Are you aware of the distinction between machine learning and multimodal machine learning and how it applies to healthcare?
The Consumer Technology Association defines Machine Learning (ML) as an enabling technology of AI that provides systems, using algorithms, data, tools, and techniques; the ability to learn and change without providing/programming an explicit mathematic model for mapping input to output. Tadas Baltrušaitis et al from Cornell University describe that multimodal machine learning on the other hand aims to build models that can process and relate information from multiple modalities modalities, including sounds and languages that we hear, visual messages and objects that we see, textures that we feel, flavors that we taste and odors that we smell. An example of multimodal machine learning in relation to a Knee Osteoarthritis patient might include raw radiographic data, clinical exam results and their medical history.
Senior data scientist at Booz Allen Hamilton, Catherine Ordun, warns US Federal Health Agencies such as National Institutes of Health, the Centers for Disease Control and Prevention, the Defense Health Agency, the Food and Drug Administration to be aware of common unimodal thinking present in certain algorithms and to consider the value of taking multimodel machine learning approach.
“It is critical to understand that not every AI use case, especially in healthcare, can be whittled down to a single type of data. Healthcare is an extraordinarily complex domain that requires information from many sources. Unimodal algorithms that may have impressive results in a computer lab often flounder when exposed to real-world health data and use cases. This is because unimodal AI is typically limited in its ability to be effective or to “generalize” across a broad range of inputs and applications. Humans, with our innate intelligence, generalize with great ease. We can recognize a cat, for example, regardless of how it may be portrayed in a picture or which breed of cat we are looking at. Conversely, AI algorithms struggle with generalizing because they are typically designed and trained to classify only certain types of data. As health agencies adopt AI for applications such as precision medicine, population health, and outcomes evaluation, they should consider aggregating data from multiple sources, such as time series data from Fitbits, textual data from social media, image data from MRIs and X-rays, and columnar data from lab results. Triangulating multiple modes of data produces better results in the form of improved accuracy, more generalizable algorithms, and better insights.”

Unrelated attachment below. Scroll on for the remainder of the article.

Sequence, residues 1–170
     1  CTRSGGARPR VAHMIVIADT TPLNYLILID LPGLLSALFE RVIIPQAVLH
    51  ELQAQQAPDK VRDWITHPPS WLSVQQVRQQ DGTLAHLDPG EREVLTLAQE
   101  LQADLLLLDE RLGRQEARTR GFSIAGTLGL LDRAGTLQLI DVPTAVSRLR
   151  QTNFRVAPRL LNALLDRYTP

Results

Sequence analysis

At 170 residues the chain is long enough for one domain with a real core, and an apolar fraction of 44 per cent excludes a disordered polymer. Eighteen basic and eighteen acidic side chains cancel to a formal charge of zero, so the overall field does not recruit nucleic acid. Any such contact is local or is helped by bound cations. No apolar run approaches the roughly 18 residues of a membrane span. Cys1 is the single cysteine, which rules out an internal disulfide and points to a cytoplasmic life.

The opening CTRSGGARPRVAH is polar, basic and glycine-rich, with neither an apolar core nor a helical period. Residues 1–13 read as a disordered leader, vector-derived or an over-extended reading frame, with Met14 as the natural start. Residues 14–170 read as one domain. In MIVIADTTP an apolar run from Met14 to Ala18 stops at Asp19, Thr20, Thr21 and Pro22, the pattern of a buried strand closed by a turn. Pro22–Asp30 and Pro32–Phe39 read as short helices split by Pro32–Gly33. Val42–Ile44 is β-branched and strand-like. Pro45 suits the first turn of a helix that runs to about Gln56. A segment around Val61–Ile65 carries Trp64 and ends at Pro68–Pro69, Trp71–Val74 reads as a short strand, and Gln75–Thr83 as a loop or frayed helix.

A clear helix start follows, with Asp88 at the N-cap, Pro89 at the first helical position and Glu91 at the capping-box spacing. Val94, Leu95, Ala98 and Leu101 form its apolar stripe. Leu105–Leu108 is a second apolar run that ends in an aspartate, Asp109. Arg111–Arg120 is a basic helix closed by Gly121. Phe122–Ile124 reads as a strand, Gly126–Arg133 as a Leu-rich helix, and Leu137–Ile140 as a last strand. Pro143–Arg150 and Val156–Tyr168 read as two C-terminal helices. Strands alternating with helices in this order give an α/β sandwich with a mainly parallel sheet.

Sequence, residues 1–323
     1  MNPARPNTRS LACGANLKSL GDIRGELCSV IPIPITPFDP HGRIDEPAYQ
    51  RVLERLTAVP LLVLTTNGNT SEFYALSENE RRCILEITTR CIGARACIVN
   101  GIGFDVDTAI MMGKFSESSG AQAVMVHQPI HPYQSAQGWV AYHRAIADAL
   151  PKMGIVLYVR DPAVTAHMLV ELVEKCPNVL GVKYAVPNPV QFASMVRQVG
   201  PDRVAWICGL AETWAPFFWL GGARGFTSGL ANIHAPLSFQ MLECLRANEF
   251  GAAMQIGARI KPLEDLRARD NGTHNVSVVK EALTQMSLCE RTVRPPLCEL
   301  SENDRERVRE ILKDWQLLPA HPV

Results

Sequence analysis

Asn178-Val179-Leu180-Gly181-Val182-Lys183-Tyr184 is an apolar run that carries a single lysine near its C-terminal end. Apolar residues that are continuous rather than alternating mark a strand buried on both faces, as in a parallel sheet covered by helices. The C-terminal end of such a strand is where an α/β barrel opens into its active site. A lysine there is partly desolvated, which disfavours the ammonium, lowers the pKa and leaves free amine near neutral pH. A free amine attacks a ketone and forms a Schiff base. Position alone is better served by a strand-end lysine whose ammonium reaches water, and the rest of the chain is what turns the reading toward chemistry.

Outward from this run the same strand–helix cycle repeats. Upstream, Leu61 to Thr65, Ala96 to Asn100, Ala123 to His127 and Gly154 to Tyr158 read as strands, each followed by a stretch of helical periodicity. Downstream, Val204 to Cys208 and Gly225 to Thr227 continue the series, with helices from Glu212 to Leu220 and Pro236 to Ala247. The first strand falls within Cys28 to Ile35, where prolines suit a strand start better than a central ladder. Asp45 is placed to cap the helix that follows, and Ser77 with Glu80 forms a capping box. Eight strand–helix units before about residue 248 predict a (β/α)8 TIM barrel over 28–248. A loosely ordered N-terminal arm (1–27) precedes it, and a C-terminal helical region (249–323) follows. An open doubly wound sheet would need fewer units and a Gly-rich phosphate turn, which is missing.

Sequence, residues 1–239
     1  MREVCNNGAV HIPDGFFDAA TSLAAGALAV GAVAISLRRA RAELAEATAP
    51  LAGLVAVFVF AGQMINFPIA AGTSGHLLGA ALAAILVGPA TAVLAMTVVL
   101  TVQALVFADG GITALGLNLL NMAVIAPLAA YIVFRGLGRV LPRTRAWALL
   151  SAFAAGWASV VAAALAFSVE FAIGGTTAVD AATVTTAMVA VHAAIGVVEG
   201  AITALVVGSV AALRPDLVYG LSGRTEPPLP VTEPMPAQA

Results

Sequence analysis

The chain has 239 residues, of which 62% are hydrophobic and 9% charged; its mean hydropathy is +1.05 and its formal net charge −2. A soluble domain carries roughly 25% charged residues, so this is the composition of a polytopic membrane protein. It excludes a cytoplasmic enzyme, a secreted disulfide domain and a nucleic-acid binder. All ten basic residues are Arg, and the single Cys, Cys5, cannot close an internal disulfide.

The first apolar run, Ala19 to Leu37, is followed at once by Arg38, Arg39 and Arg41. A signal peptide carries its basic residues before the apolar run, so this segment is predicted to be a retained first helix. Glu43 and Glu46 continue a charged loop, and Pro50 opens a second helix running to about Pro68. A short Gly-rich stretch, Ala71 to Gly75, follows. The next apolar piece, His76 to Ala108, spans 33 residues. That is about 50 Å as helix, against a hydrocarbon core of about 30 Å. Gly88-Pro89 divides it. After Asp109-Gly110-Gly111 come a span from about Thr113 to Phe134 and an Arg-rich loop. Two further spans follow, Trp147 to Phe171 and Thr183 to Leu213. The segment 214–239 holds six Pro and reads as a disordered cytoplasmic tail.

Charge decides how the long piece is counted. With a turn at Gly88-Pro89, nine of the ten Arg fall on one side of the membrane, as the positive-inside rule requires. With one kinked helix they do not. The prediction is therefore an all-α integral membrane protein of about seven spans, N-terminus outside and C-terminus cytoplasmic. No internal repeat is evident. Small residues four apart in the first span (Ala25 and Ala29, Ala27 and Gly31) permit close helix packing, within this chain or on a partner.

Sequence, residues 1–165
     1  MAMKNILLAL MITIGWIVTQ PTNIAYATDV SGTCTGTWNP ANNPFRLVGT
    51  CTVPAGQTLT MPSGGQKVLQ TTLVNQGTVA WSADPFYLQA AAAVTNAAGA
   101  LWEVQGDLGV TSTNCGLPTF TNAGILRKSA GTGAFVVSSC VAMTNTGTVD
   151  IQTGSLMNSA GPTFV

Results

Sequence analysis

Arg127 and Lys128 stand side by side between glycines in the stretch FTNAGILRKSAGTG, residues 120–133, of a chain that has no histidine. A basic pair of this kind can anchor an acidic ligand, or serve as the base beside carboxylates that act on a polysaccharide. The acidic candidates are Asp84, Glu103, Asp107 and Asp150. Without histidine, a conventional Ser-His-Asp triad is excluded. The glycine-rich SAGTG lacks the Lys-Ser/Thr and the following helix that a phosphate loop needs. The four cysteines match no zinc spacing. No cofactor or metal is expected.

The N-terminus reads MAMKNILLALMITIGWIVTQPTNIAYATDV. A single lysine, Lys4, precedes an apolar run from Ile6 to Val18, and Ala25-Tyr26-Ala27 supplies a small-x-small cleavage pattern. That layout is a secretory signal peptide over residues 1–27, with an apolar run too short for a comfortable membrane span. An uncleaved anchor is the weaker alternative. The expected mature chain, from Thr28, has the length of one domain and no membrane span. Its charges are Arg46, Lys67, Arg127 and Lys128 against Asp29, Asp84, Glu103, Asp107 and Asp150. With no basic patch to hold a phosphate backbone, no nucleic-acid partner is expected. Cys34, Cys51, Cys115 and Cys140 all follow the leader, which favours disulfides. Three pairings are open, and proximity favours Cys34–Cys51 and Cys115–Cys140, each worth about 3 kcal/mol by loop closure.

Ordun underlines as well that today trained health professionals access and review multiple data sources to make their diagnosis or treatment recommendations. If AI is supposed to support them shouldn’t it be done with a multimodal approach?